Challenges and opportunities for renewable ammonia production via plasmon‐assisted photocatalysis
UNIVERSAL IDENTIFIER: http://hdl.handle.net/11093/3945
EDITED VERSION: https://onlinelibrary.wiley.com/doi/10.1002/aenm.202103909
UNESCO SUBJECT: 2210 Química Física
DOCUMENT TYPE: article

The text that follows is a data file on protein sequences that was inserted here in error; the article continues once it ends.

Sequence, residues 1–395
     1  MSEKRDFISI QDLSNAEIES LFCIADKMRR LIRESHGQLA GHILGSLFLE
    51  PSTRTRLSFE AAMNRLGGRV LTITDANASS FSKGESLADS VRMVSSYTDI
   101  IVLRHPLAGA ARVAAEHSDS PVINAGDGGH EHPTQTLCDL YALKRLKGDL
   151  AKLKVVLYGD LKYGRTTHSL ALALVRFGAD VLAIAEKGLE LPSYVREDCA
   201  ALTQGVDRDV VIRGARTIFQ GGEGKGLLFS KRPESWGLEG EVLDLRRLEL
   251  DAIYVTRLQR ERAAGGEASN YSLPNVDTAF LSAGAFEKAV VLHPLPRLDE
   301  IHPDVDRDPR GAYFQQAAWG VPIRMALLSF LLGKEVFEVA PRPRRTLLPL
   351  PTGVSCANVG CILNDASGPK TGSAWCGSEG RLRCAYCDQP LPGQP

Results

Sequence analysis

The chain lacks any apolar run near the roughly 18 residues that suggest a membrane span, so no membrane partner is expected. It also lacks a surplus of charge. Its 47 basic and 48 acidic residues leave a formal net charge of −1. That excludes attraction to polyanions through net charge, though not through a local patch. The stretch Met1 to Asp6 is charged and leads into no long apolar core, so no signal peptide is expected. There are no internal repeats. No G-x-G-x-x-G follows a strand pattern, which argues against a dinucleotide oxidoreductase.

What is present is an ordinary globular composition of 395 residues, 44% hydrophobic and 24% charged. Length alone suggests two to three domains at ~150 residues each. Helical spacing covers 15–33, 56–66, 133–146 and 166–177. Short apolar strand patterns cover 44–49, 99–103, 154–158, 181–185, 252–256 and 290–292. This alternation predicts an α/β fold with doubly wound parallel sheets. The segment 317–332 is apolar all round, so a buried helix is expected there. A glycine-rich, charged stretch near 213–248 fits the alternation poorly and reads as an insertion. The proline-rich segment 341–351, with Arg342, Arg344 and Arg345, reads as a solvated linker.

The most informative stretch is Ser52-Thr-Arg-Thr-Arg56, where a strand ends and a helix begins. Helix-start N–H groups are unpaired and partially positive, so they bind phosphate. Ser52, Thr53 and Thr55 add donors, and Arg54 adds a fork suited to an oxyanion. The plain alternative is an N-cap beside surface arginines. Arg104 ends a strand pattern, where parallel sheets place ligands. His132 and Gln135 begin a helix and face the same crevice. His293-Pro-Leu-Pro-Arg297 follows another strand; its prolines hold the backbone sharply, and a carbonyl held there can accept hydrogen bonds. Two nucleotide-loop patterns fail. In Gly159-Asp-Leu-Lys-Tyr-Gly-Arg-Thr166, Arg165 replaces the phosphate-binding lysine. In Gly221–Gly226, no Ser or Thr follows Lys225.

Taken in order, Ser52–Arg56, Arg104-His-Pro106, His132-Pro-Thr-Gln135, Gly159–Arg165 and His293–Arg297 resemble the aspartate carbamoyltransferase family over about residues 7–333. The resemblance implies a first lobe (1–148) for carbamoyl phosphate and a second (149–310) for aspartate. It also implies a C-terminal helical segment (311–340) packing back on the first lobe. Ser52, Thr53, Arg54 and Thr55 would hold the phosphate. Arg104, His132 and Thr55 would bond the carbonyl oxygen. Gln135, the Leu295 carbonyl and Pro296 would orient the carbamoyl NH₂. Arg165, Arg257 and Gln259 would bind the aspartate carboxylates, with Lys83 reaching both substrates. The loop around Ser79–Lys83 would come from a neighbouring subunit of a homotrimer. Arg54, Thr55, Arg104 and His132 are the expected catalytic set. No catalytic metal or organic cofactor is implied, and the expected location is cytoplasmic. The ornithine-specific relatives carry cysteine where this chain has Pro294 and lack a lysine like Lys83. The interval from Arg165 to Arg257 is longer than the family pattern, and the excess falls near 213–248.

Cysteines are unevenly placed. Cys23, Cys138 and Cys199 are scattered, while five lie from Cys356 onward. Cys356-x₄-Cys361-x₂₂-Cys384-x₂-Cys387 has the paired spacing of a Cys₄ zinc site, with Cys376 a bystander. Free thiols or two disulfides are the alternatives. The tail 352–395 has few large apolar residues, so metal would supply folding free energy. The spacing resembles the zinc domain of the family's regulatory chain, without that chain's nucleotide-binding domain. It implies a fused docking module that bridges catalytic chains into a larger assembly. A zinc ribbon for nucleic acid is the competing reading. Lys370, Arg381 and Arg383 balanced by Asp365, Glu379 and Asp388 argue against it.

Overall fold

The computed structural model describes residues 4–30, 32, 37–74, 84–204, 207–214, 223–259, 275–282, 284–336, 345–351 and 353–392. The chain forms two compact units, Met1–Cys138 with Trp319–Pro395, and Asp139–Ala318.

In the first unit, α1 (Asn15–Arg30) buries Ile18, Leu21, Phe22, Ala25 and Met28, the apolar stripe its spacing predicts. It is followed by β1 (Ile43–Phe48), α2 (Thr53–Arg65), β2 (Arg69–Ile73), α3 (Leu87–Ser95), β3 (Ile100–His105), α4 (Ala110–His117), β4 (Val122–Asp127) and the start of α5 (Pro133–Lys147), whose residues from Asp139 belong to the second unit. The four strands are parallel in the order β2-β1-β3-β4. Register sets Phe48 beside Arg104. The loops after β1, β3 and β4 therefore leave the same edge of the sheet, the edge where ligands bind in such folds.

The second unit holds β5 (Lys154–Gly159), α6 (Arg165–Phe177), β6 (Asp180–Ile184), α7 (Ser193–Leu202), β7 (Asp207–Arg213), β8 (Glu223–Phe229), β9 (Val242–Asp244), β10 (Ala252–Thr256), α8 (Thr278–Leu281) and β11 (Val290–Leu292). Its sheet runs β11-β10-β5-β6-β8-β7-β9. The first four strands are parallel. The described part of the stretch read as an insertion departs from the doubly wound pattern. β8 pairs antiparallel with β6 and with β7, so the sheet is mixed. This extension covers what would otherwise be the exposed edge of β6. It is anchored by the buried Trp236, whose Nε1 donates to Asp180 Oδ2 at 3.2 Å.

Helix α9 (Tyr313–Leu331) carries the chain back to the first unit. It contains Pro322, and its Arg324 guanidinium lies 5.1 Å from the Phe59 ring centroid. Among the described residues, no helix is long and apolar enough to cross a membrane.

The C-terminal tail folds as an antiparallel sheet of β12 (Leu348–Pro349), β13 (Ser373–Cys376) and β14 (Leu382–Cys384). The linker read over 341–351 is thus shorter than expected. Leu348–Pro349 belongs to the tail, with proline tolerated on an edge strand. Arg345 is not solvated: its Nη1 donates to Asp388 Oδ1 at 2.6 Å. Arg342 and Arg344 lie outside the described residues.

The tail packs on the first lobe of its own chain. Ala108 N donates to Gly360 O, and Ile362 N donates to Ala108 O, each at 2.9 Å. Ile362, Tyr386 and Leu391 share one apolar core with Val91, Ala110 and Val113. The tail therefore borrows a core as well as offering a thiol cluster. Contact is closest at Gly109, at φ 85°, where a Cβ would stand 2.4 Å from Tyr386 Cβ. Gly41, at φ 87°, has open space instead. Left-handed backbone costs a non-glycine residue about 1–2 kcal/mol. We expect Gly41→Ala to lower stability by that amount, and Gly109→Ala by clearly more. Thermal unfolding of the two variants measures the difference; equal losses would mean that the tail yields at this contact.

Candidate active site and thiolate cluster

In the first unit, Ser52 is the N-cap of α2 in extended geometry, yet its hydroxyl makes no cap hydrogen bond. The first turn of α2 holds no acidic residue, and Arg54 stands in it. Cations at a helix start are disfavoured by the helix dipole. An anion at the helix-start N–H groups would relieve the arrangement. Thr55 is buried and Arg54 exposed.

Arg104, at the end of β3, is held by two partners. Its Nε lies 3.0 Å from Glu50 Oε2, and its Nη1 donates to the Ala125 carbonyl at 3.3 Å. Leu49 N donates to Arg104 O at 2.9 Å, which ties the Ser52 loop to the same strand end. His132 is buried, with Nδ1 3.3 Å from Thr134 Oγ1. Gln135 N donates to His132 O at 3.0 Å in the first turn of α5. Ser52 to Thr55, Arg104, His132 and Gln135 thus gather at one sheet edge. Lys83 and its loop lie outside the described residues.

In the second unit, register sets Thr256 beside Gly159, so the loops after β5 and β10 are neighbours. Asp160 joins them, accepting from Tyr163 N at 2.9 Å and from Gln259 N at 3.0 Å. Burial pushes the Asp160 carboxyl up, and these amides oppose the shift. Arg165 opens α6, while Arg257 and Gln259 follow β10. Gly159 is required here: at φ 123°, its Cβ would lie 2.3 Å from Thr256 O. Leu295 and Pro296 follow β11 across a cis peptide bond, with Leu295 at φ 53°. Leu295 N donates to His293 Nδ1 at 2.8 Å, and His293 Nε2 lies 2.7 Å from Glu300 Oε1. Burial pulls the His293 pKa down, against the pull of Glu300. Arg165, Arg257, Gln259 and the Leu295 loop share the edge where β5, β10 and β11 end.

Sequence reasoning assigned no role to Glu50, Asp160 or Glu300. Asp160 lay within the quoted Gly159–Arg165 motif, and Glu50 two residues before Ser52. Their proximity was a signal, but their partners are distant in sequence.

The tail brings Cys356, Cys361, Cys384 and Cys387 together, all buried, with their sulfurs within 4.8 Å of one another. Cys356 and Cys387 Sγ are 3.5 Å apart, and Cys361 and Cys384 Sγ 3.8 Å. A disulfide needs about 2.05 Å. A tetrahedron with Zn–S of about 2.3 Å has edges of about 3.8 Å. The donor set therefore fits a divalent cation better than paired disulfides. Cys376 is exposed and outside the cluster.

Despite its severe operating conditions, associated energy consumption, and environmental concerns, the manufacture of nitrogen-rich fertilizers still relies heavily on producing ammonia in centralized chemical plants via the Haber–Bosch process. A distributed and more sustainable scheme considers the on-site production of carbon-neutral fertilizers at ambient conditions in photocatalytic reactors powered by sunlight. Among the different strategies proposed to boost the nitrogen reduction ability of conventional catalysts, the incorporation of plasmonic nanomaterials is gaining widespread interest owing to their unique optical tunability and their potential to improve the efficiency and selectivity of many chemical transformations. This Perspective examines the state-of-the-art for the nitrogen reduction reaction via plasmon-driven photocatalysis and discusses design principles for advancing it. The different physical mechanisms underlying the operation of plasmonic materials in a catalytic setting, and the dimensions along which the catalysts can be tuned to harness them are detailed. Paths to overcome current frontiers in the field, including design strategies of plasmonic photocatalysts, the development of complementary characterization techniques, the standardization of the reaction conditions and ammonia quantification methods, and the possibilities offered by theoretical methods to drive material discovery, identifying fundamental bottlenecks, and proposing directions for the advancement of this emerging field are outlined.
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